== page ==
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Previous Puzzles of the Month + Solutions

 
December 2006 - January 2007  
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thinking manDifficulty level: bulbbulbbulb, basic trigonometry knowledge.
Puzzle # 109
 Italiano italiano Français francais
  Print and cut out the seven right-triangle shapes below and join them together to form a square (no overlappings!). If the hypotenuse of the largest right triangle is 10 units, what is the area of the whole square?
puzzle 109

solution

It is not hard to solve this problem using trigonometry. The basic trigonometric functions are functions of an angle; they are important when studying triangles and are commonly defined as ratios of two sides of a right triangle containing the angle.
We use the following names for the sides of the right triangle:
- The hypotenuse is the longest side of a right triangle.
- The opposite side is the side opposite to the angle we are interested in.
- The adjacent side is the side that is in contact with the angle we are interested in.

right triangle trigo

Some fundamental trigonometric functions
1) The sine of an angle is the ratio of the opposite side to the hypotenuse: sin(A) = a / h, and h·sin(A) = a
2) The cosine of an angle is the ratio of the adjacent side to the hypotenuse: cos(A) = b / h, and h·cos(A) = b
3) The tangent of an angle is the ratio of the opposite side to the adjacent side: tan(A) = a / b
(The sine, cosine and tangent ratios can be remembered by SOH, CAH, TOA -- Sine-Opposite-Hypotenuse, Cosine-Adjacent-Hypotenuse, Tangent-Opposite-Adjacent)
Some fundamental trigonometric identities
4) sin(A) / cos(A) = tan(A)
5) sin2(A) + cos2(A) = 1


The right triangles of the puzzle 109 seem to be similar, that is, they all have at least two angles equal: 90° and x.

similar triangles

By rotation we can fan the triangles out around their vertex (as shown below), making the adjacent side to the angle x of some triangles merge with the hypothenuse of their adjacent right triangle. Now, using the basic trigonometric functions seen above, we can give a value to each side of the triangles as follows:

right triangles fan

But the problem is that we do not know the exact value of x. We can only empirically guess that x is approximately Pi/6 and must be 29° < x < 31°, as the drawing suggests:

right triangles fan 2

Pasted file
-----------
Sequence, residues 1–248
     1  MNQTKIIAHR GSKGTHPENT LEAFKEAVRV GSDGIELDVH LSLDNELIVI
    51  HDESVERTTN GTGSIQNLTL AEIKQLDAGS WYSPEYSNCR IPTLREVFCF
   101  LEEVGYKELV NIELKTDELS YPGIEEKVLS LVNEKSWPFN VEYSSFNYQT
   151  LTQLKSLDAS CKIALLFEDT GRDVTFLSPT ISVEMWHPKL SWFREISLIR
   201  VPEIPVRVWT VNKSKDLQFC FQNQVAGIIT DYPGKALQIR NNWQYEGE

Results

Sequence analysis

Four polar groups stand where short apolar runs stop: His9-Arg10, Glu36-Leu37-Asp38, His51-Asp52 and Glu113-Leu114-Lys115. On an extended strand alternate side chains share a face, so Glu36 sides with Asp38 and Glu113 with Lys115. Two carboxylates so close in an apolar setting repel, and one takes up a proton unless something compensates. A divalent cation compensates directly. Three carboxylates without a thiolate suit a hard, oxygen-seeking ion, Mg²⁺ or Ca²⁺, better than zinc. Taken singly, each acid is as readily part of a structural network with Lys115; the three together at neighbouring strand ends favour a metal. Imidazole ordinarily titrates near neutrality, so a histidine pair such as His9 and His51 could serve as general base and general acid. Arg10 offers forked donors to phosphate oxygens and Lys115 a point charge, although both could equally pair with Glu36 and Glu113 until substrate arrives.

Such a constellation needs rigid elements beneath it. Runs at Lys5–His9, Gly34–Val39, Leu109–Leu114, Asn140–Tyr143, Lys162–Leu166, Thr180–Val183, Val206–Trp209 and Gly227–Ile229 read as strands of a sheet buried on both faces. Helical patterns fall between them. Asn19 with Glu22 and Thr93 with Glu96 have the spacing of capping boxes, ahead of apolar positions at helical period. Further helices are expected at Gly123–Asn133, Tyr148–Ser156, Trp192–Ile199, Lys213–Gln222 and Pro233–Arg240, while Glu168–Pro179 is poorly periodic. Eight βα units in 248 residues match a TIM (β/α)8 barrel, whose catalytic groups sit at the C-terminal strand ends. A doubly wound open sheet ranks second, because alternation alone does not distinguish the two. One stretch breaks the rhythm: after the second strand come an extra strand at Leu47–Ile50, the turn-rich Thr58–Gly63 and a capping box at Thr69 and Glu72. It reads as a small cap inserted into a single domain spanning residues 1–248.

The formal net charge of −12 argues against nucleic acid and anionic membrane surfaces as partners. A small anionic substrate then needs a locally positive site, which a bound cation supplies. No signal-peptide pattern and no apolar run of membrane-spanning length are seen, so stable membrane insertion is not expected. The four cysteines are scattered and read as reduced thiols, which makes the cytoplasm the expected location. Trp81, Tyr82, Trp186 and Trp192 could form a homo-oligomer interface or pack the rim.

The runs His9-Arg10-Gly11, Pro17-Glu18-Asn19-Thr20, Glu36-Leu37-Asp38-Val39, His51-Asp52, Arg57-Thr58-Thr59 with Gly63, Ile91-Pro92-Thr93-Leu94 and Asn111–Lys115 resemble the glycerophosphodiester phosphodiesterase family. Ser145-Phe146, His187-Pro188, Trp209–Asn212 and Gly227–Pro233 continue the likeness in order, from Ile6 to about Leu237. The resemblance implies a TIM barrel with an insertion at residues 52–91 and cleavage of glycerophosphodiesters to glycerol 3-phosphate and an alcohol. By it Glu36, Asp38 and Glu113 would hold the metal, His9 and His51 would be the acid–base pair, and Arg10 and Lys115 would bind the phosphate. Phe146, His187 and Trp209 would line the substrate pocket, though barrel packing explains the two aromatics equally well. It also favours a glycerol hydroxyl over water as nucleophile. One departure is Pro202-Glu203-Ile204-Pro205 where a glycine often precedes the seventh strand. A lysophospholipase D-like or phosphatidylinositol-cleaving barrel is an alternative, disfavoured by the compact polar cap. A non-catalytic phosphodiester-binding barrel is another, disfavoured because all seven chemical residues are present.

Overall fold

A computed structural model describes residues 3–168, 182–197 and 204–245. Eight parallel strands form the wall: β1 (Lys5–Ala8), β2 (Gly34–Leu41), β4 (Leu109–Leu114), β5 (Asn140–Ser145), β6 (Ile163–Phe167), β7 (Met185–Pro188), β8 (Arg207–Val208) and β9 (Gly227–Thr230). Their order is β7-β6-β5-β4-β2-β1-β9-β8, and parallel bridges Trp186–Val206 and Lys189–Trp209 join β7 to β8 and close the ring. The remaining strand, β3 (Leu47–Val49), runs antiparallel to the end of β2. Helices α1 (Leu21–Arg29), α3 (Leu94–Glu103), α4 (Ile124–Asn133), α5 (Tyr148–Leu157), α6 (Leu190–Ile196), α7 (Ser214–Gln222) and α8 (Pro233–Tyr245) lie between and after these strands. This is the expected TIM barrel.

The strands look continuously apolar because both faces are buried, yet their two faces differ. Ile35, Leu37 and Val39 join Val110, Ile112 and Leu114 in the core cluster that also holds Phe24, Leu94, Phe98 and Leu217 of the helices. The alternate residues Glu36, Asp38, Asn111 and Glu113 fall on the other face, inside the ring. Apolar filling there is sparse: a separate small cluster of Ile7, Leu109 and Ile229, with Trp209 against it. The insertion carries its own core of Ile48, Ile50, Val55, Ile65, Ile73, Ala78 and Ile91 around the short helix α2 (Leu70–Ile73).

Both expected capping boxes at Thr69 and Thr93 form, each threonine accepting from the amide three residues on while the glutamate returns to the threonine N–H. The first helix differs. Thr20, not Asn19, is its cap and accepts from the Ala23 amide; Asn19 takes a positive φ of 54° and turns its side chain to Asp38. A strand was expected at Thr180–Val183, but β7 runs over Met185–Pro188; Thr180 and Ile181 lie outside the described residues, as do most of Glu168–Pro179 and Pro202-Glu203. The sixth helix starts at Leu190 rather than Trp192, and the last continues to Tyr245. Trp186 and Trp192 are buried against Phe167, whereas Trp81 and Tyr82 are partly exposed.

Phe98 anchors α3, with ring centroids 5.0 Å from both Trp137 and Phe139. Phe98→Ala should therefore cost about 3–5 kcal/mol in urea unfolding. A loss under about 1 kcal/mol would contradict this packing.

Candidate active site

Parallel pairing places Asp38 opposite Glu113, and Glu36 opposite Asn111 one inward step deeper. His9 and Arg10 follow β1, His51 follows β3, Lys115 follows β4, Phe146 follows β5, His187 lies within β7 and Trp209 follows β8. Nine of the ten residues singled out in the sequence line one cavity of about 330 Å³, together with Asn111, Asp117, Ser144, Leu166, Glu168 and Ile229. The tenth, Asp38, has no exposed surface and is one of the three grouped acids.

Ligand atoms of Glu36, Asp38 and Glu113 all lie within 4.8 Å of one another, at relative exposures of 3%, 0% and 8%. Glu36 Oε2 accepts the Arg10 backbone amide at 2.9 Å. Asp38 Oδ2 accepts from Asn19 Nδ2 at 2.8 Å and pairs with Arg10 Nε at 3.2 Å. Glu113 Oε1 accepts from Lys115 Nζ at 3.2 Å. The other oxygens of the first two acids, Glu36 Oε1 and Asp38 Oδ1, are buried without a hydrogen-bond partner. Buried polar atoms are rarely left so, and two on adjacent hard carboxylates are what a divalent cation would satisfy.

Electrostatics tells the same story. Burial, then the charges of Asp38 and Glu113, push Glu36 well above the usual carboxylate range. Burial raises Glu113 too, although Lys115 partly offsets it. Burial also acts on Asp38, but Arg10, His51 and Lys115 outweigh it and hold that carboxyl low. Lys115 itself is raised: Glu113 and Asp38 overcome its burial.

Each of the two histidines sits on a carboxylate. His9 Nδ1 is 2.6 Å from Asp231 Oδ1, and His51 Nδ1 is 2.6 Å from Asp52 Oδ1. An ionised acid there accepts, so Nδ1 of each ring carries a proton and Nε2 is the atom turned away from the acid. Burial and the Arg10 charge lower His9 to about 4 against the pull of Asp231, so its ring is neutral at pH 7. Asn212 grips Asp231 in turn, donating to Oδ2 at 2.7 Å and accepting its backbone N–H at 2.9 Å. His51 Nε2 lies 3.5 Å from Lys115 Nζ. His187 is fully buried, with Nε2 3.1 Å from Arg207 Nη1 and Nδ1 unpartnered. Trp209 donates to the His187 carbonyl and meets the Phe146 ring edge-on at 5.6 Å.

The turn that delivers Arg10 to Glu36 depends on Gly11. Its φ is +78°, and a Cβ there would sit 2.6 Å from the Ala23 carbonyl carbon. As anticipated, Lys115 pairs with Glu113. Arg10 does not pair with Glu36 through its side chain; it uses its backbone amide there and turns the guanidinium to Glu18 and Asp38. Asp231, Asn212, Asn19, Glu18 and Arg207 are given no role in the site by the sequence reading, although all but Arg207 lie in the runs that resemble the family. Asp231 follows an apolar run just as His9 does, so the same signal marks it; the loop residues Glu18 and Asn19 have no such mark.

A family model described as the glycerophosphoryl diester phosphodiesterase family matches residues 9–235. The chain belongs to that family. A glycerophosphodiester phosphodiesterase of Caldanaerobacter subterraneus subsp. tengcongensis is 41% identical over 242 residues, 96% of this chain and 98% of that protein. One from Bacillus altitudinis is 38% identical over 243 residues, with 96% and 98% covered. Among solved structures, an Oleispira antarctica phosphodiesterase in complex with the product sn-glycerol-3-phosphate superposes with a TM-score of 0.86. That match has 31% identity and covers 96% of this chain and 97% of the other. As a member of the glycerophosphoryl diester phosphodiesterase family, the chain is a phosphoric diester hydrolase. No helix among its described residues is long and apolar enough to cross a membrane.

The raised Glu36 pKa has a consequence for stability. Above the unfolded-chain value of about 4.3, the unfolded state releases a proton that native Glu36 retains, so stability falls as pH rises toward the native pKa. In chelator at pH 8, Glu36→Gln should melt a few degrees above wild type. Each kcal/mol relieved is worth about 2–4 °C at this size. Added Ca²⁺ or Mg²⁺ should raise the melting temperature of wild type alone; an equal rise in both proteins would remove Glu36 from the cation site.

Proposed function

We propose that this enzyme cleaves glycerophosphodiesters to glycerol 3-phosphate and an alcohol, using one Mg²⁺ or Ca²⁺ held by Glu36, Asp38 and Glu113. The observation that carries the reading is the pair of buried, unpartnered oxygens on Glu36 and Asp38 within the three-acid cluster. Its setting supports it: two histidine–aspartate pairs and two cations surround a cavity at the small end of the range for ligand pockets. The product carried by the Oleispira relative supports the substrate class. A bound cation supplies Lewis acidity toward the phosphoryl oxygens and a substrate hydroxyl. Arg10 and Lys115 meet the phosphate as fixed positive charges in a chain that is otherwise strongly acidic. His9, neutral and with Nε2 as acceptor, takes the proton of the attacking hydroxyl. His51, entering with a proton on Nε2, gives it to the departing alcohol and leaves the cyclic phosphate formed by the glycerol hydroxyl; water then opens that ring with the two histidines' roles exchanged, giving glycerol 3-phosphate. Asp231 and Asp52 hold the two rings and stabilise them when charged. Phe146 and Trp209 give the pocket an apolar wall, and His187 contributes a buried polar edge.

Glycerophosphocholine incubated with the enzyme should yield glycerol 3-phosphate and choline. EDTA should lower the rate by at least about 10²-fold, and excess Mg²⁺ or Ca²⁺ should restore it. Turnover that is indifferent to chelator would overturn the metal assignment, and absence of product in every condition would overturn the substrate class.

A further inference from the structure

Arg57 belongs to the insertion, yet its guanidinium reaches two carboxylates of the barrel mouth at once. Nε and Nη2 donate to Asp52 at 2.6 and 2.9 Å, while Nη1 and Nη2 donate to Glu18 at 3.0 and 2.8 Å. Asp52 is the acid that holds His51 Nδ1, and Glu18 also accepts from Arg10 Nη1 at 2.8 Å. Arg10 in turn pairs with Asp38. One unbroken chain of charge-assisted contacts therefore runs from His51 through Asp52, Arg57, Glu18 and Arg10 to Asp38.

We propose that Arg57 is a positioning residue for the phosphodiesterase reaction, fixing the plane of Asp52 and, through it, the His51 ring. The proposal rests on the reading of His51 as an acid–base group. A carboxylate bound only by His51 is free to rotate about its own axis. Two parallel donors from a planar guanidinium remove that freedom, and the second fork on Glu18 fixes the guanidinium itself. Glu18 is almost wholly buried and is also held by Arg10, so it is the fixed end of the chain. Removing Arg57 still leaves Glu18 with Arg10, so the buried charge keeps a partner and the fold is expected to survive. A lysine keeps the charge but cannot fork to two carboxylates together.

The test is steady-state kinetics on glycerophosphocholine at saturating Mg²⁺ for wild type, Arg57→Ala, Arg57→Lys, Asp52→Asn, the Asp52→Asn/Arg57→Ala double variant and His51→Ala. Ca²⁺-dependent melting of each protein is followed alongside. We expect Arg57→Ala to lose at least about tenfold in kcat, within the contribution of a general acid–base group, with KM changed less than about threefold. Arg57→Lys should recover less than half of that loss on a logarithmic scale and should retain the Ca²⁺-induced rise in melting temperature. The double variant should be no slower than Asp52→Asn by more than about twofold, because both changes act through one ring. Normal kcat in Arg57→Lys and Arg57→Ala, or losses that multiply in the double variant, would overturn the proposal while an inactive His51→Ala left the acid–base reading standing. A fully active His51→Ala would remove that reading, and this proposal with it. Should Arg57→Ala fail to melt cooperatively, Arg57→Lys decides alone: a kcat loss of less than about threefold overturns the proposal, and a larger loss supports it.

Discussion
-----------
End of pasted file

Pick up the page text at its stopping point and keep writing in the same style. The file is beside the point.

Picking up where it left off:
However, with those triangles it is possible to form the following square:

triangles to square

The sides of the square must have the same length, thus we obtain the following equation:
10cos(x) = 10cos7(x) + 10sin(x), simplified in
1 = cos6(x) + tan(x)
and also:
10cos(x) = 10sin(x)[cos2(x) + cos4(x) + cos6(x)], simplified in
1 = tan(x)[cos2(x) + cos4(x) + cos6(x)]

Thanks to the above equations and to the following exact trigonometric constants cos(30) = square root3/2 and tan(30) = square root3/3, we can already prove that x CANNOT be equal to 30°, in fact:
1 = square root3/3[(square root3/2)2 + (square root3/2)4 + (square root3/2)6], and then
1 ≠ square root3/3[(3/4) + (9/16) + (27/64)] = 111square root3/192
(an irrational number multiplied by a rational number can never be equal to an integer!)

With some patience and the help of trigonometric tables (or a scientific calculator), we can however approach the real value of x which is ± 29.68. Knowing x it is now easy to find the area of the square:
[10cos(29.68)]2 = 75.482 units square

To conclude, puzzles don't always have precise solutions or can be systematically solved by defined mathematical processes. This puzzle shows you that the trial-and-error process may also be important to puzzle solving.

The winner of the puzzle of the month is: Thierry LEBORDAIS, France. Congratulations Thierry!

© 2002 G. Sarcone, www.archimedes-lab.org
You can re-use content from Archimedes’ Lab on the ONLY condition that you provide credit to the authors (© G. Sarcone and/or M.-J. Waeber) and a link back to our site. You CANNOT reproduce the content of this page for commercial purposes.
You're encouraged to expand and/or improve this article. Send your comments, feedbacks or suggestions to Gianni A. Sarcone.


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